Independent Designer Showcase: Maria Venturini
“My youngest daughter encouraged me to go to fashion school, but I thought I was too old at the time. I was 55!”
Originally from Peru and now living in Walla Walla, designer Maria Venturini grew up watching her mother and grandmother sew most of her clothing, often using fashionable patterns from Burda magazine. Her mother, who was of French and Italian ancestry, was naturally stylish and also resourceful: Maria was the youngest of 34 cousins, so her mom would round up all the clothes the other kids had outgrown to create new things from the fabrics. A few years ago, when her mother passed away, Maria inherited all her sewing notions, buttons, zippers, yarn, and other materials. “I never thought I could sew,” she says. “When my mom passed, I didn’t want to throw out her sewing things. I decided I would start to sew, but when I bought some patterns, I had no idea how to use them.”
Though she already had three degrees in computer programming, information management, and international business, discovering a new affinity for design had Maria considering a career change. “My youngest daughter encouraged me to go to fashion school, but I thought I was too old at the time. I was 55!” she says. Ultimately, though, she enrolled at the Art Institute of Seattle to pursue fashion studies. “I had the greatest time with the kids there,” she says. “Some of them thought I was the teacher at first. But they were so open and really embraced me, regardless of my age.”
Rather than start in the drawing room, Maria prefers to design by feeling. “I like to touch the fabrics. And when I find one that I like, it’s like a light comes into my head and I know what I’m going to make with it,” she says. Her aesthetic is youthful and sexy, but with a level of elegance alongside all the pizzazz. And, like her mom, she’s creative when it comes to sourcing materials—most of her fabrics are upcycled from pieces she finds at estate sales and thrift stores. Everything she creates is one of a kind. “It’s important to me that my clients know that whatever I make, they’re going to be the only ones to have it,” she says.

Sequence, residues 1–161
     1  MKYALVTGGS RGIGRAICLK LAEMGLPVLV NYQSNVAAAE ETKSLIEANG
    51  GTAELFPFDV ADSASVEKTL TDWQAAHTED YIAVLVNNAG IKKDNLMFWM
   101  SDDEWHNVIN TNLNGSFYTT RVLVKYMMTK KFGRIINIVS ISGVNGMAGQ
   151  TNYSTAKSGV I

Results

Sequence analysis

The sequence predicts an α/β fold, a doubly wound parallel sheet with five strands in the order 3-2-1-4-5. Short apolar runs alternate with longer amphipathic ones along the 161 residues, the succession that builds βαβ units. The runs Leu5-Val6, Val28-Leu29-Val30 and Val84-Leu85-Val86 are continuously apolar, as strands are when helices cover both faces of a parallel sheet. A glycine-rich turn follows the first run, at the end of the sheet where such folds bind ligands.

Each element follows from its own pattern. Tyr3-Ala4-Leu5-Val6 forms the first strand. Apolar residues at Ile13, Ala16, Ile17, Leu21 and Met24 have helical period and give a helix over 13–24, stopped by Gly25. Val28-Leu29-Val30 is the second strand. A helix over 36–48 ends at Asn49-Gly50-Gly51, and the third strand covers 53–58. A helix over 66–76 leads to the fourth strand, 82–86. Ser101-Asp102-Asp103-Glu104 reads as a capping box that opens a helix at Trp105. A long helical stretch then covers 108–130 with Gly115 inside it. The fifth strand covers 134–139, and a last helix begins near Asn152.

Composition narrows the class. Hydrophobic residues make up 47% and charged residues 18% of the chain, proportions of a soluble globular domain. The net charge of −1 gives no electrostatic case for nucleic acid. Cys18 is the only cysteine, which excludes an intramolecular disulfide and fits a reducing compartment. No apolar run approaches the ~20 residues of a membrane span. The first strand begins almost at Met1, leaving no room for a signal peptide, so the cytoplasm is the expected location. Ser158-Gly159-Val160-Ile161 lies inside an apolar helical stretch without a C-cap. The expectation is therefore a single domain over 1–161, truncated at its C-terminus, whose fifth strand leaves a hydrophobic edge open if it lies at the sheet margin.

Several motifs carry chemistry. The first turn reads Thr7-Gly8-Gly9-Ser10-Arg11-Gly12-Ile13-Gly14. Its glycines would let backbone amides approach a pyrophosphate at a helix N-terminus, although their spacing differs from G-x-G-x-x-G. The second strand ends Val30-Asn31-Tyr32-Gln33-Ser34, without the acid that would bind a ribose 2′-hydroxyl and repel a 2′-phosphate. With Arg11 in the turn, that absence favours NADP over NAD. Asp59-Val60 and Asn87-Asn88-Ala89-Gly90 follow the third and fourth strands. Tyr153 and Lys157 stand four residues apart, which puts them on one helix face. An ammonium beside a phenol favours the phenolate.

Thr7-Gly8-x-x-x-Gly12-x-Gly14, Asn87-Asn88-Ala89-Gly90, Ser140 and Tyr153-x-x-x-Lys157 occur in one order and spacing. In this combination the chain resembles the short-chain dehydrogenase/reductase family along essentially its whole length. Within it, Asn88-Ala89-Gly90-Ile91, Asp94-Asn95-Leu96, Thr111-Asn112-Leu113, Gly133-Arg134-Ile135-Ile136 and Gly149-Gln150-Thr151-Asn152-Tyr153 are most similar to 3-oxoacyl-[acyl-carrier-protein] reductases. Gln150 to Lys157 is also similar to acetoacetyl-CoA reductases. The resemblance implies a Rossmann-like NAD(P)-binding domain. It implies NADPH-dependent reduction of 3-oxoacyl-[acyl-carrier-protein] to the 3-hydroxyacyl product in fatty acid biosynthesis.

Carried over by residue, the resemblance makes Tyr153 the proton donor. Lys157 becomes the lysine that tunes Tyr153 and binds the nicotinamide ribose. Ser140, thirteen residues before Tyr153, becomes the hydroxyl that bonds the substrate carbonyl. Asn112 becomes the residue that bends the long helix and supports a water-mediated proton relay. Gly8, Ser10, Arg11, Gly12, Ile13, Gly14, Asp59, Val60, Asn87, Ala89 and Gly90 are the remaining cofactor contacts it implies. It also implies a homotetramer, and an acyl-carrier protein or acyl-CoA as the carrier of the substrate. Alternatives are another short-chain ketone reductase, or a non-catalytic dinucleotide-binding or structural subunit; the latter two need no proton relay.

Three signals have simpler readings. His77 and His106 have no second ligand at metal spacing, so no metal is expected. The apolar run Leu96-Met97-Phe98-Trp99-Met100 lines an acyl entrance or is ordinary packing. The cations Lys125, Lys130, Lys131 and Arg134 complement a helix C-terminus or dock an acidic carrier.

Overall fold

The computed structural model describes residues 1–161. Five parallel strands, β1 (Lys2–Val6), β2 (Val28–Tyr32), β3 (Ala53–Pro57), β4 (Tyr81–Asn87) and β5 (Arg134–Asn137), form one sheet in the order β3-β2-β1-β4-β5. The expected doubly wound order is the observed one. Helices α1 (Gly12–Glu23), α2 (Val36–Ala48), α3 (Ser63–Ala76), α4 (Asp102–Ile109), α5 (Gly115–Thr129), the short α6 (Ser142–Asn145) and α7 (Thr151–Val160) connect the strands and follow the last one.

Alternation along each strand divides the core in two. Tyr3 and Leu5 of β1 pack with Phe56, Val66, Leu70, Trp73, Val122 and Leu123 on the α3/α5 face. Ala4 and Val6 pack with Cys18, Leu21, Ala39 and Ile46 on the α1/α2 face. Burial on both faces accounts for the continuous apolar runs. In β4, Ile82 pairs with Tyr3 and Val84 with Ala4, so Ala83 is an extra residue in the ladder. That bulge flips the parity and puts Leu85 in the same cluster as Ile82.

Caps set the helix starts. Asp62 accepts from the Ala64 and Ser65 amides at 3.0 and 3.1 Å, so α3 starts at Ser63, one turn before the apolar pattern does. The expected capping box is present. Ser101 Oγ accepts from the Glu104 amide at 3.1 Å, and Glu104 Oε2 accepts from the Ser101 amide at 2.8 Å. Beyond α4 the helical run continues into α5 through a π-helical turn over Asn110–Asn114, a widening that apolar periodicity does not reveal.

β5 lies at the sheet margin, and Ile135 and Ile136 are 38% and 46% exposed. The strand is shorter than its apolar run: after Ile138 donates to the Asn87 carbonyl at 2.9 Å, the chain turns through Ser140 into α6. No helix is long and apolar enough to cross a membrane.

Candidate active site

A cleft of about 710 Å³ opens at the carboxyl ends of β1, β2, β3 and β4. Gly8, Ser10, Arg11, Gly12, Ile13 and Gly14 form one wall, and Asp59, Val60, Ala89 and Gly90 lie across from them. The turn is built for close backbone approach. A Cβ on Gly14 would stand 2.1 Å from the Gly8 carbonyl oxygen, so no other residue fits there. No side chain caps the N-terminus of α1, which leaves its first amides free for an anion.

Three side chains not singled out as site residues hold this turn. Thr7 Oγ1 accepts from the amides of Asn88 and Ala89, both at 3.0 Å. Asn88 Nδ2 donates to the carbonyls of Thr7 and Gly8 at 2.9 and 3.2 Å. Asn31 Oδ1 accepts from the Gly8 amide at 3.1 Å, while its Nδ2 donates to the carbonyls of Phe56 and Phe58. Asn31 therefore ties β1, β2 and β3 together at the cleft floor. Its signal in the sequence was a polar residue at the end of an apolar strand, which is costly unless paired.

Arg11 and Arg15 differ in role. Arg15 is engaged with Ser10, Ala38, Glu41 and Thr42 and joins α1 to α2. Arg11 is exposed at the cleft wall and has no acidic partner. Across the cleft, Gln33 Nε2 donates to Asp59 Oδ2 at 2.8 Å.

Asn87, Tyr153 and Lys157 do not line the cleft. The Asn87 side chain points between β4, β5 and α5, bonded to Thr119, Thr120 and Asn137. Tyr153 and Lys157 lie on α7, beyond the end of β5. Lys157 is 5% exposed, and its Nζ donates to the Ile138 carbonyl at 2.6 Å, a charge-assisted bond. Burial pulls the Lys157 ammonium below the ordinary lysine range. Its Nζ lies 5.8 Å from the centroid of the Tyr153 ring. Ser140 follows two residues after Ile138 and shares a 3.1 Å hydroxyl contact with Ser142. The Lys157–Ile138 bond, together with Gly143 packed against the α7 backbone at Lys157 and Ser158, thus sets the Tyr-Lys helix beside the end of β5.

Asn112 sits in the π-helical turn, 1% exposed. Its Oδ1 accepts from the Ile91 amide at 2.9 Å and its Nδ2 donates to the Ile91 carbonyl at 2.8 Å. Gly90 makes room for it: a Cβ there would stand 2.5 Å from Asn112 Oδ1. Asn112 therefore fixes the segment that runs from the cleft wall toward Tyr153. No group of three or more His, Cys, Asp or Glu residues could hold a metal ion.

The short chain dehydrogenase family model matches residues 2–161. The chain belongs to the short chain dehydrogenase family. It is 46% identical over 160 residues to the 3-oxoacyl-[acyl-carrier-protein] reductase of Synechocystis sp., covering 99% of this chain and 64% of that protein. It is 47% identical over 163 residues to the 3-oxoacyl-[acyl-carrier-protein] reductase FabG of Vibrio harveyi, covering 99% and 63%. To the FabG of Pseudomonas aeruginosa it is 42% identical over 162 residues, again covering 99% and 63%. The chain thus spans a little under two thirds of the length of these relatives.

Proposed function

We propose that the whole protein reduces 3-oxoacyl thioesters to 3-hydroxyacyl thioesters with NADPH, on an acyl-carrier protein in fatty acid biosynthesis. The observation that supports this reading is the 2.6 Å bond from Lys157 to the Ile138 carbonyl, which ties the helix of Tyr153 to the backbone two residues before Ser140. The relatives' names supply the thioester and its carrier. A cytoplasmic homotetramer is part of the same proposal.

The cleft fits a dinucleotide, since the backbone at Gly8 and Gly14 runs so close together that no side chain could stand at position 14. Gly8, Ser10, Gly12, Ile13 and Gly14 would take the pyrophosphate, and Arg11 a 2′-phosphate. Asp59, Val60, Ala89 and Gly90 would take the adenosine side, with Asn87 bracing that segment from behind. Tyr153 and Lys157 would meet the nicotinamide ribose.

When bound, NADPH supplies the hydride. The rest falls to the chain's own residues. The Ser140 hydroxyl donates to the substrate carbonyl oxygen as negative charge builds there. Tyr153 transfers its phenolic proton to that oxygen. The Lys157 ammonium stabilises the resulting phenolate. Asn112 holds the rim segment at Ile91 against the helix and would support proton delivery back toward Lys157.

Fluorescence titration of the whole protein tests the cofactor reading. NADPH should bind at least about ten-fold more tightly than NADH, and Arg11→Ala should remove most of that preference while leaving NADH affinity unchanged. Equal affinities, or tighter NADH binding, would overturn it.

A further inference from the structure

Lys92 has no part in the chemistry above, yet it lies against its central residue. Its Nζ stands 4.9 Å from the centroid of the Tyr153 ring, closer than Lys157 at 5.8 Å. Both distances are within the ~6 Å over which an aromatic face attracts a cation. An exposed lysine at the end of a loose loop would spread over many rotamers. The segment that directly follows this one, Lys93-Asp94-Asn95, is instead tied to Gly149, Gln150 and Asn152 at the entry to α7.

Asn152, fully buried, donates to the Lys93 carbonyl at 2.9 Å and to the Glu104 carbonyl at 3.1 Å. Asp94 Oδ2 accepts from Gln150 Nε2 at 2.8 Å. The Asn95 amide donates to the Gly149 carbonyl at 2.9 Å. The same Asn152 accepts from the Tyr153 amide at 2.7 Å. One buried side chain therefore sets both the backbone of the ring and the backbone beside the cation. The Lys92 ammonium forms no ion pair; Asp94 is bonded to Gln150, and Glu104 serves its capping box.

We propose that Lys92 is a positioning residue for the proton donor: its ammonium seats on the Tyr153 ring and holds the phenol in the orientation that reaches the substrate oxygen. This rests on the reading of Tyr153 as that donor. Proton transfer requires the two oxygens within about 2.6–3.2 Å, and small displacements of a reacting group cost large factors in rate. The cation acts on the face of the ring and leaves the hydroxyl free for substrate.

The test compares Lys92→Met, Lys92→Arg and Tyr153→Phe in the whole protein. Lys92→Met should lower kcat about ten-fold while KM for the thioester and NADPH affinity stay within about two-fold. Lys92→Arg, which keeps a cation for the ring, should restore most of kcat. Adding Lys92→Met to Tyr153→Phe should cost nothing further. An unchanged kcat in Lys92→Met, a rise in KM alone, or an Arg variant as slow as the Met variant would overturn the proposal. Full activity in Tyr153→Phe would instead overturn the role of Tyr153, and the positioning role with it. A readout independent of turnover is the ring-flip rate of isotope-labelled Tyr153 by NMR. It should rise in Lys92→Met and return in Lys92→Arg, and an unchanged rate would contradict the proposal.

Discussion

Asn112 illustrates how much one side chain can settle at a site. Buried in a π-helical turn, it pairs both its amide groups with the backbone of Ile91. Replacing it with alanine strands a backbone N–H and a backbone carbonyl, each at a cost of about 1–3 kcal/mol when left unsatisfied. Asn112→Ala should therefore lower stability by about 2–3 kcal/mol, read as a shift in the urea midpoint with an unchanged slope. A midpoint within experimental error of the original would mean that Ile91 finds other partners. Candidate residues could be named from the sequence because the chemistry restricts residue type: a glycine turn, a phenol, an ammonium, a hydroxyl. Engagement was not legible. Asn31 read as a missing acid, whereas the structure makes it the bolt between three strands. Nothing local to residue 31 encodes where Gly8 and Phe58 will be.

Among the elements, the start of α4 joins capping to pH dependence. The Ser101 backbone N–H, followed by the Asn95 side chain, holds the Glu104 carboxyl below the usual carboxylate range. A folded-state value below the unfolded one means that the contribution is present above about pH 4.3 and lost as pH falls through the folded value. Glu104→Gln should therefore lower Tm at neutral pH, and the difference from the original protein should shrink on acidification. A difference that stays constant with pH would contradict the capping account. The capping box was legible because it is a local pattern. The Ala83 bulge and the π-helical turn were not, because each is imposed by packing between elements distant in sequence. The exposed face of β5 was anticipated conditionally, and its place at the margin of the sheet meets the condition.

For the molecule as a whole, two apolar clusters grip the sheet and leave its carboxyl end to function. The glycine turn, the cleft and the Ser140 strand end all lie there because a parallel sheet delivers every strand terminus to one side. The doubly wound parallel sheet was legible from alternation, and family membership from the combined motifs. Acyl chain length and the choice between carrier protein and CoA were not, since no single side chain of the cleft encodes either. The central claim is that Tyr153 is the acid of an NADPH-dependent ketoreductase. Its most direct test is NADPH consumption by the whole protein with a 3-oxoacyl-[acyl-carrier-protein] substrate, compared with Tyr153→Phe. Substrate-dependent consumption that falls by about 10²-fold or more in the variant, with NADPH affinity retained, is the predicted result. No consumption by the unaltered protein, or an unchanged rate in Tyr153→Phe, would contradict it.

Currently, Maria is working on collections for next spring as well as designing the looks for her daughter’s wedding. For the bridal party, she’s inspired by the blue, purple, and pink shades of hydrangeas. As for her other projects, she’s experimenting with layers of sheer fabric and punk-rock accents. Maria describes the concept of fashion forward as being “unique and daring”—and with so much variety on her agenda, she’s definitely daring to dream up a fashionable future.